Immunofluorescence microscopy

HeLa cells grown on glass coverslips were fixed with 4% paraformaldehyde for 30 minutes at room temperature followed by permeabilization with 0.5% Triton X-100 in PBS for 20 minutes. Cells were then blocked with 2% bovine serum albumin in PBS for 30 minutes and incubated in succession with the primary antibody and rhodamine-conjugated secondary antibody followed by staining with DAPI (Sigma-Aldrich) for 3 minutes. Coverslips were mounted with 90% glycerol in PBS and images were obtained using an Axio Observer A1 fluorescence microscope (Carl Zeiss Inc).

Luciferase reporter assay

Plasmids to be detected were cotransfected with the HIV-1 LTR-driven luciferase plasmid to 293 T cells. 24 hours post-transfection, the fluorescence of GFP was examined by using the fluorescence microscope, and the intensity of GFP-tagged proteins was assessed via ImageJ software. Cells were then lysed and the transactivation activity was measured with an FB12 luminometer (Berthold Detection Systems) and normalized to GFP intensity.

Apoptosis analysis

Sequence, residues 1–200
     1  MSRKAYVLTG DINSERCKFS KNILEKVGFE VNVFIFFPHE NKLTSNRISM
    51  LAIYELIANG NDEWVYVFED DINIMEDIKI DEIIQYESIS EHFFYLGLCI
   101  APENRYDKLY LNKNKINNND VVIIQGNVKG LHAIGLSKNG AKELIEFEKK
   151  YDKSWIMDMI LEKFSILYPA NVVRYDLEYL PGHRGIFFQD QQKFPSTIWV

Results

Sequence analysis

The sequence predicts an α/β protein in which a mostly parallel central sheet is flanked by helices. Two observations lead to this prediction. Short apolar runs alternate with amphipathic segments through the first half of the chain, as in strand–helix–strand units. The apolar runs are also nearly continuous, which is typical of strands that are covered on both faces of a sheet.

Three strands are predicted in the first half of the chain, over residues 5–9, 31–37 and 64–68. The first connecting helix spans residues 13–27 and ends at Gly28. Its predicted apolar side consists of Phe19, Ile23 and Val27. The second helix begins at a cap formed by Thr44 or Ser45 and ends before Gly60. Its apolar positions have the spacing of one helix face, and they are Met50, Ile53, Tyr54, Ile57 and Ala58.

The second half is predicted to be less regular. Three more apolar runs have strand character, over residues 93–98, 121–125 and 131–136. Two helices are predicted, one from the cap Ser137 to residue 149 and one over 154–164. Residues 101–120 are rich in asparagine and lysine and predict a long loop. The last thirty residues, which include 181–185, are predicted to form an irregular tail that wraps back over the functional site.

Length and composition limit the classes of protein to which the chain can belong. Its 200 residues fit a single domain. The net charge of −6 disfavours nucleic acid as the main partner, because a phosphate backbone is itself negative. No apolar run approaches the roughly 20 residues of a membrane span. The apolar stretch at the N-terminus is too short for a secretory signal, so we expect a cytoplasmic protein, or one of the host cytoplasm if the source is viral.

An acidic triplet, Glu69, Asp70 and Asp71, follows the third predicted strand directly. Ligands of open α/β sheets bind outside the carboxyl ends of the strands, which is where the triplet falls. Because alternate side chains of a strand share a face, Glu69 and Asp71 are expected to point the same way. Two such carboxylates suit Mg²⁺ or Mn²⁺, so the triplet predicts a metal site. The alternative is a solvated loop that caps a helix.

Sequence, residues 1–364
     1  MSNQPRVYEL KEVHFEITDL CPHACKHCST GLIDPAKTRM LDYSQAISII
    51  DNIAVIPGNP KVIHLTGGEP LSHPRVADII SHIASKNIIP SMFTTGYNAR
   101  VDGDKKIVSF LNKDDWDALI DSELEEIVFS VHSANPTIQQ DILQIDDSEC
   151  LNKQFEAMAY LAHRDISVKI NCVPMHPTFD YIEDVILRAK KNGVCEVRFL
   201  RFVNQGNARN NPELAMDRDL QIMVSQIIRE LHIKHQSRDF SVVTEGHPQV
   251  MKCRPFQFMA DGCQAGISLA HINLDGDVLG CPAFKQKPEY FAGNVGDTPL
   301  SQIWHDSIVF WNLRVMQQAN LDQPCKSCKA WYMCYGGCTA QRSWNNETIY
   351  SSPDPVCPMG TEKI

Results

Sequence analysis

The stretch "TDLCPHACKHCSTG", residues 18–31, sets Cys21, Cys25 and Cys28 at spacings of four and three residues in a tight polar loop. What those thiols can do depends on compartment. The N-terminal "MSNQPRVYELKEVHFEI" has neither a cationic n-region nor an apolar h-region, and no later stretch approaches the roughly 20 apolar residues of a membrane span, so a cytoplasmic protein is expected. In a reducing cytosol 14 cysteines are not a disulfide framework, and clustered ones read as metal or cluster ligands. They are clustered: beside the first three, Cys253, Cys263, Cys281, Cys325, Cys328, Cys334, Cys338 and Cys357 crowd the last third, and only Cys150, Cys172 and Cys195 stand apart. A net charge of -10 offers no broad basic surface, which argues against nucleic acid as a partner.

HeLa cells were examined under the fluorescence microscope 96 hours post-transfection, and both phase contrast and fluorescence images were taken. The percentage of apoptotic cells was quantified by analyzing cell morphology of the GFP-positive cells. Additionally, apoptotic cells were also examined and quantified by Annexin V-APC (BioLegend) staining coupled with flow cytometry.

Statistical analysis

Analysis of statistical significance was performed by two-tailed Student’s t-test using GraphPad Prism 5. *P < 0.05, **P <0.01, ***P < 0.001; ns, not significant. Data represent means ± SD.

Declarations

Acknowledgements

This work was supported by grants from the National Natural Science Foundation of China (31170820 and 31371382), the National Science and Technology Major Project of China (2012ZX10001-006), the Tianjin Natural Science Foundation (13JCZDJC30300), and the 111 Project of the Ministry of Education of China (B08011).

Authors’ Affiliations

(1)
State Key Laboratory of Medicinal Chemical Biology, College of Life Sciences, Nankai University

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© Zhang et al.; licensee BioMed Central Ltd. 2014

This article is published under license to BioMed Central Ltd. This is an Open Access article distributed under the terms of the Creative Commons Attribution License (http://creativecommons.org/licenses/by/4.0), which permits unrestricted use, distribution, and reproduction in any medium, provided the original work is properly credited. The Creative Commons Public Domain Dedication waiver (http://creativecommons.org/publicdomain/zero/1.0/) applies to the data made available in this article, unless otherwise stated.